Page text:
By moisturizing on a daily basis, you’re helping your skin soak in some extra moisture that those rougher products are zapping your skin of.
You avoid those harsh side effects and reap all of the anti-aging goodness those products pack. Win-win, right?
Your Makeup Game Will Be Stronger
When you’re using makeup products such as foundation and concealer, you may be tempted to skip moisturizing.
Why add another product on your face, especially if your foundation claims to be moisturizing?
If you want your makeup application to be flawless—and who doesn’t?— then moisturizing before you apply anything else is a step you can’t afford to skip.
Makeup sticks to those pesky dry patches of skin, and has a tendency to sink into fine lines and wrinkles.
Using a moisturizing cream will help with those wrinkles and dry patches, and will provide a nice base to begin applying your makeup.
Just make sure you wait 5 minutes before applying makeup on top of your moisturizer so it has time to soak in.
The Most Obvious Benefit—More Comfortable Skin
There is nothing worse than the feeling of dry skin, am I right?
Your skin starts to feel tight, and super itchy.
And you likely start to scratch, which makes your skin look red, inflamed, and flaky all over.
By moisturizing your skin, you’re making yourself feel more comfortable, both in the actual moment, and long term.
Because long-term use of a moisturizing cream will lead to smoother skin. And who wouldn’t enjoy that feeling all over?
Now that we’ve laid out the obvious benefits to using a moisturizing cream, let’s walk through the best way to use it effectively.
Step 1: Select More Than One Moisturizing Cream
I know, I know. You think I’m trying to break your bank.
While purchasing more than one moisturizing cream may seem over the top, you’ll want to use different types of creams on different parts of your face and body.
To begin with, you’ll want a different moisturizing cream for your face than you use for your body.
We’ve gotten in to that whole topic in a different blog post, which you can check out here.
But as a quick overview, your face is more prone to acne, likely has more sun damage, and is more prone to becoming dry than other areas.
For this reason, you’ll want to select a different moisturizing cream for your face and a different cream for your body.
If I’m being picky (which I am), you may also want to select a cream for your eyes.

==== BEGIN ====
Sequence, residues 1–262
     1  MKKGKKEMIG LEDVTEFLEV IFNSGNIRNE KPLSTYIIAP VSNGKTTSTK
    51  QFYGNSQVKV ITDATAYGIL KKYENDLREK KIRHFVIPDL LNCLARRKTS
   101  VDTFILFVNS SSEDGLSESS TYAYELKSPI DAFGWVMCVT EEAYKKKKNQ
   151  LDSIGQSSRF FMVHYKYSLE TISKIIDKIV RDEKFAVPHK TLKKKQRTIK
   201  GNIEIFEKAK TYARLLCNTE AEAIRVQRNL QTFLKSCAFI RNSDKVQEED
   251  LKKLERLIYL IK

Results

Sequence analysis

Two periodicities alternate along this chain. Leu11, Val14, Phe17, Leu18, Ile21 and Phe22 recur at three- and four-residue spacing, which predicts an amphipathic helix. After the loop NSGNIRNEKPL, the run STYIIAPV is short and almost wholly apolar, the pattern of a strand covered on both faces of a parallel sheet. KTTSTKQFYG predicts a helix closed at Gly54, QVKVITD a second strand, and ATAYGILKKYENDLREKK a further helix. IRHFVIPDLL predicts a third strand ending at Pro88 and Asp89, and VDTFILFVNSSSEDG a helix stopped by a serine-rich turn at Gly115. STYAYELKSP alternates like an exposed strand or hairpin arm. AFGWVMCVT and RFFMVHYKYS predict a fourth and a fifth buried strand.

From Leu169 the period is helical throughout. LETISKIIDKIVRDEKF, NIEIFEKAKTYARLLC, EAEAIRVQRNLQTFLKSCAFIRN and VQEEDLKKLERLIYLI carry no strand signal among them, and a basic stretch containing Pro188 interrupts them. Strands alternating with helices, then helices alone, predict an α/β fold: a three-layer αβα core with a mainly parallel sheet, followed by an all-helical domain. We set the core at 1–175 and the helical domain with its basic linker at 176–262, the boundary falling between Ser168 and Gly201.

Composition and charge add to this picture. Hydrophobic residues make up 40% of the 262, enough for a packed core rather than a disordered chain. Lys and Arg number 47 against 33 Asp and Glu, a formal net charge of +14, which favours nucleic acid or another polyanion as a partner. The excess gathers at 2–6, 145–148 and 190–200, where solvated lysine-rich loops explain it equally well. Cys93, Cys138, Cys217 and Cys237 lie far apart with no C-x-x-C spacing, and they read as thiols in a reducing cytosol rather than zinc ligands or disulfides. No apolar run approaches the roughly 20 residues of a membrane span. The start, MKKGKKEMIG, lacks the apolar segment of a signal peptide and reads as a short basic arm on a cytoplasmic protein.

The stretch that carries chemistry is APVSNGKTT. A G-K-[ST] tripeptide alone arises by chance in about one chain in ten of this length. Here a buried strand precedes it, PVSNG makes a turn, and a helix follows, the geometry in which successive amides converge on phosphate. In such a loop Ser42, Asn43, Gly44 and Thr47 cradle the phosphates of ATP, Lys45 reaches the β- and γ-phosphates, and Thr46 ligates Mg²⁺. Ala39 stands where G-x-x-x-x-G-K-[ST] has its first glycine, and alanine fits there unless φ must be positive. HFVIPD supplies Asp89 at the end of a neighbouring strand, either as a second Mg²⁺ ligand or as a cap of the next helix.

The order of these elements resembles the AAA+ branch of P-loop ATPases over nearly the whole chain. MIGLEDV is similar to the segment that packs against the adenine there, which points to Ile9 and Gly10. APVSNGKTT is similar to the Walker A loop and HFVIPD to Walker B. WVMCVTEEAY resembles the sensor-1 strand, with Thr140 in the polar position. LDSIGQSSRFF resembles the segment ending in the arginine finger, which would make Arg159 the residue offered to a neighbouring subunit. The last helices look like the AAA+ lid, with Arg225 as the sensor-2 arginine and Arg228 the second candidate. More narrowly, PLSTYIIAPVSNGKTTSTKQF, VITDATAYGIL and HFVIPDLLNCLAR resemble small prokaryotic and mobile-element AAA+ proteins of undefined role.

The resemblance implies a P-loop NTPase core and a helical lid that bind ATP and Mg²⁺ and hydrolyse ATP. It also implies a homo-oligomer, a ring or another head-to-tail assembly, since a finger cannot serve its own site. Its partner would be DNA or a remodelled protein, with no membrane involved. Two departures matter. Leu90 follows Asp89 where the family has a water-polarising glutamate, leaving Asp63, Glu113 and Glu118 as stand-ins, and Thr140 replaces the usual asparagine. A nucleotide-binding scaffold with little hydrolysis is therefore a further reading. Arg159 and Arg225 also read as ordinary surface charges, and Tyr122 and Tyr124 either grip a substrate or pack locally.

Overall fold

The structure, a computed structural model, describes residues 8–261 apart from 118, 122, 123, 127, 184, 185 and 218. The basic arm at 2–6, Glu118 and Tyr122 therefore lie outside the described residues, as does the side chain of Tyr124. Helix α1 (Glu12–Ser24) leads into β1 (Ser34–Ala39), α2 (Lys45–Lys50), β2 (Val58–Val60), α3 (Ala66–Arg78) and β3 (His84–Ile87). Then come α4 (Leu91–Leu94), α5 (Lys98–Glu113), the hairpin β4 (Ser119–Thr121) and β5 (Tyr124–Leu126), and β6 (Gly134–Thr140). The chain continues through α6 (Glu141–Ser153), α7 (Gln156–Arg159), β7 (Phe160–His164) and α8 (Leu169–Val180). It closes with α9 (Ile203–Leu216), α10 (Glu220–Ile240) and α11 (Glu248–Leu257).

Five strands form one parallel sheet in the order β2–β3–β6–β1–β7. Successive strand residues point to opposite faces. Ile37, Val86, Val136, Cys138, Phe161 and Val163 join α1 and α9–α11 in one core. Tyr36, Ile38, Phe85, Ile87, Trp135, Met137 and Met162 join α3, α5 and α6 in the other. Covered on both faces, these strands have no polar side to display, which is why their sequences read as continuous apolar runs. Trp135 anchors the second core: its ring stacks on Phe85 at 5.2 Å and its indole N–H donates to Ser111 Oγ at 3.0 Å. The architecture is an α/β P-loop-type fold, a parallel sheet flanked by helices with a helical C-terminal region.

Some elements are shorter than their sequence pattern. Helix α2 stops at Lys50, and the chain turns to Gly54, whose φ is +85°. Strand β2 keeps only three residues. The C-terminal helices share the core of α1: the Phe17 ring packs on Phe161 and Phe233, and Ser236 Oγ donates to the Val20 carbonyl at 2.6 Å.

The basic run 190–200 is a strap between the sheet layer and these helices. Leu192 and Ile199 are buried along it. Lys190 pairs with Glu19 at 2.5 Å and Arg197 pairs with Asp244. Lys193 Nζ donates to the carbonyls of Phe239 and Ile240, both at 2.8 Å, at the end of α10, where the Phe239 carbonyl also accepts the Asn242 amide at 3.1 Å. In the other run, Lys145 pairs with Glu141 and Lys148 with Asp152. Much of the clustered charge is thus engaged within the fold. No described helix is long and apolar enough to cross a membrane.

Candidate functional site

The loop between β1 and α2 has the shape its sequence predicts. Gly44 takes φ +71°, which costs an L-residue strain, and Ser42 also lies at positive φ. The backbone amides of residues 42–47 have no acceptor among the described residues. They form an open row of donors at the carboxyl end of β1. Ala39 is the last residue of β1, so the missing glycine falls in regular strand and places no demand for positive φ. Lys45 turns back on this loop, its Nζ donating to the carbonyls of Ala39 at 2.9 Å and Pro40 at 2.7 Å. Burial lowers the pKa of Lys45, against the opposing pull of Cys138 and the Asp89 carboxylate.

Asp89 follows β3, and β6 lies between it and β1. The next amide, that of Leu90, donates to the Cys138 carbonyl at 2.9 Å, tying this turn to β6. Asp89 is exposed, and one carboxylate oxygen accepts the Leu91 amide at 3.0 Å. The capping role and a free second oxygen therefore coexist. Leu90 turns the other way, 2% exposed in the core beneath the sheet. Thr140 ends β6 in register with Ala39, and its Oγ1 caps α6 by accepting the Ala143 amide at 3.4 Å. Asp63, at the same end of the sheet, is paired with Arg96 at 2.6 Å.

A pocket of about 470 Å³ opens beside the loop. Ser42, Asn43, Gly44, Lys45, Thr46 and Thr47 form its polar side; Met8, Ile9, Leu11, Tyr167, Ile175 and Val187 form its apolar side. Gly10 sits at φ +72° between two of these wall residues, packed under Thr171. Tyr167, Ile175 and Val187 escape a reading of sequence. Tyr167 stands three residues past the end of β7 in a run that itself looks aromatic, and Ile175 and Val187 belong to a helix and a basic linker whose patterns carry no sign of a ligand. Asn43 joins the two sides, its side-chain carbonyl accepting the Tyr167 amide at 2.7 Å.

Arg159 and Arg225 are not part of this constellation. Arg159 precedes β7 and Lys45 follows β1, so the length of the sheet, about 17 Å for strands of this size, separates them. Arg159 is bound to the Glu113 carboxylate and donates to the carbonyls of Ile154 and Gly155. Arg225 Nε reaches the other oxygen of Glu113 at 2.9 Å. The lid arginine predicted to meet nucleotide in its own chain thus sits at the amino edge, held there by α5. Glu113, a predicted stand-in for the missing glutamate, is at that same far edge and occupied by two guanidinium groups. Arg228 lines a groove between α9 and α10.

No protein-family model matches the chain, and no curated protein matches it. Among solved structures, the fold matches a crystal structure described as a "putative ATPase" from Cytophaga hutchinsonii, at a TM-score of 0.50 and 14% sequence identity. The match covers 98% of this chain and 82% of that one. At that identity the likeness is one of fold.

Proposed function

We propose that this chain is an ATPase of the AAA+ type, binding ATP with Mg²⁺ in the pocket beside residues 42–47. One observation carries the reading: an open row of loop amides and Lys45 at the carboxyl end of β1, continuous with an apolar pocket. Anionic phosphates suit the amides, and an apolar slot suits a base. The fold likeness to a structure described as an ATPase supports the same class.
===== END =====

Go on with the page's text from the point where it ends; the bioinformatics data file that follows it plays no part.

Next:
Eyelids need a separate product, and most moisturizers aren’t formulated to be used in the eye area.
But if purchasing three separate moisturizers seems like bananas to you, you can just stick to separating your face and body creams.
How do you know what moisturizing cream is right for you?
It’s all about skin type.
Not sure if you’re oily, combination, normal, or somewhere in between? Simply see how your face feels at the end of the day, specifically in your T-zone.
If you feel flaky, you’re dry. If you feel oily… you get the point.
Once you’ve gathered that information, find a face and body cream that advertises that it specifically targets your skin type.
Trust me—with a million moisturizing creams on the market, this won’t be hard to find. And you’ll have plenty of options at every price point.
Step 2: Patch Test Before Applying
Image via Huffington Post
If you’re anything like me, then the second I buy a new skincare or makeup product, I want to rush home and try it on immediately.
While it’s easy to let excitement get the best of you, you could end up with some unwanted results.
Even if you don’t have sensitive skin, there’s always the chance that your skin could react poorly to a new moisturizer, especially if this is a new step for you in your skincare routine.
A good rule of thumb is to always test a small amount of the product on your forearm first.
Allow yourself a few days of doing this, or even a couple of weeks if you are known to have sensitive skin, before you decide to apply the moisturizing cream on your face.
Better safe than sorry, right? Because we all know there’s nothing worse than a major breakout on your face that takes weeks to clear up.